When Subchapter C corporations make dividend payments, which reflecta return on investment in a business, those dividends are subject to "doubletaxation." The dividend is not deductible by the corporation, but sinceit has been paid out of current profits, it results in taxable income.

At the same time, the dividend when received by the shareholder is taxableat ordinary income tax rates. Assuming that a personal service corporationshareholder would be subject to the maximum federal tax rates, a combinedincome tax effect on the dividend could be 35 percent plus 40 percent plusany state effect. In essence, a dividend made from your PSC could resultin taxes on that dividend as much as 75 percent or more of the dividendpaid.

In recent years, our firm has become increasingly aware of the attentionthat has been given by the IRS to this specific area. Agents are speciallytrained to understand, spot and target reasonable shareholder compensationin closely held corporations. In Subchapter C corporations, the major issuethe IRS investigates is whether shareholder-employees are reasonably compensatedfor the personal services they provide in the businesses to which they haveownership rights.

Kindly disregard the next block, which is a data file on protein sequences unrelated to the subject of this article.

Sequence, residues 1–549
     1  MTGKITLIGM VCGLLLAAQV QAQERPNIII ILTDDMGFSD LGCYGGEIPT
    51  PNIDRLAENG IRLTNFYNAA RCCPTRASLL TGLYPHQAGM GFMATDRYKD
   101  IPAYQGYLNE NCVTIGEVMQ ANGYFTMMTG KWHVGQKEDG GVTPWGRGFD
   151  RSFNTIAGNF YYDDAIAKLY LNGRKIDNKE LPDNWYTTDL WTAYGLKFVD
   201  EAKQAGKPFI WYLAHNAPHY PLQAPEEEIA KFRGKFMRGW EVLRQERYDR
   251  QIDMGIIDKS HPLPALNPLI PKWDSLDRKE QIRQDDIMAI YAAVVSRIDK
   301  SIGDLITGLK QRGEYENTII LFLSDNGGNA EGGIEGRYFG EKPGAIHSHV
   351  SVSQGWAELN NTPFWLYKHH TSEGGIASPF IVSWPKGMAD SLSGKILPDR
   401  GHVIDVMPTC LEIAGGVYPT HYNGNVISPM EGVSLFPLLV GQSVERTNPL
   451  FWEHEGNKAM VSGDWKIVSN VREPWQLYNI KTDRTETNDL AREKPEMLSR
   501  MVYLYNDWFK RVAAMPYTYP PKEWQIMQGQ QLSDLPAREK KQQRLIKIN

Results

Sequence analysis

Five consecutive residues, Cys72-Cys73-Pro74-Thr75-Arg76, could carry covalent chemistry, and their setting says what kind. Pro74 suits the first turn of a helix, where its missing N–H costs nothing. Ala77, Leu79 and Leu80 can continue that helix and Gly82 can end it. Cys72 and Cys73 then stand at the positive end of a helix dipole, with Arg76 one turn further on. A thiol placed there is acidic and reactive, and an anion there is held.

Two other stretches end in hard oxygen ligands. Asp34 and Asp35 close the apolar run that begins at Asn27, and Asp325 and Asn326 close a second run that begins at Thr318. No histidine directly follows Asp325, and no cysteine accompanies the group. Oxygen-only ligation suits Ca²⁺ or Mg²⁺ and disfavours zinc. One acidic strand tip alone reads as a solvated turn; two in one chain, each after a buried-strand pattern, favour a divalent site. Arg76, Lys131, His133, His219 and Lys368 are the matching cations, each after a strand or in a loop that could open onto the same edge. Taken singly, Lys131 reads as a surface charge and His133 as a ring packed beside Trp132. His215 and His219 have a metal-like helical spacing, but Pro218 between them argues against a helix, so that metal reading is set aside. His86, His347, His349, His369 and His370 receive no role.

The IRS is interested in determining for higher paid individuals whethersalaries are in excess of those ordinarily paid for similar services. Insuch situations, the excess payments might correspond or bear a close relationshipto the shareholdings of the officers involved. The IRS will then allegethat salaries are not paid wholly for services rendered; that a portionrepresents a distribution of earnings on stock, return for equity ownership.

The court case says

The Internal Revenue Code Section 162 provides that for compensationto be deductible, it must be both reasonable and purely for services actuallyrendered. Most prior challenges by the IRS have been based on the fact thatthe amount of compensation paid is unreasonable. This has been our experiencein clients recently undergoing audit.

This case is different. It focused on whether compensation was "purelyfor services rendered." In this pediatric surgical practice, the serviceargued that the net profits of the professional practice that are attributableto non-shareholder efforts cannot be paid to shareholders as compensationbecause such amounts are not purely for services rendered by the shareholders.Any net profits that were not produced by the shareholder pediatricianspersonally were deemed to not be attributable to their services and weredisallowed as compensation to them.

This result should be of great concern to veterinarians. In veterinarypractices, a substantial portion of income comes from ancillary services,the efforts of associate veterinarians, product sales and all of the otheractivities that the practice provides.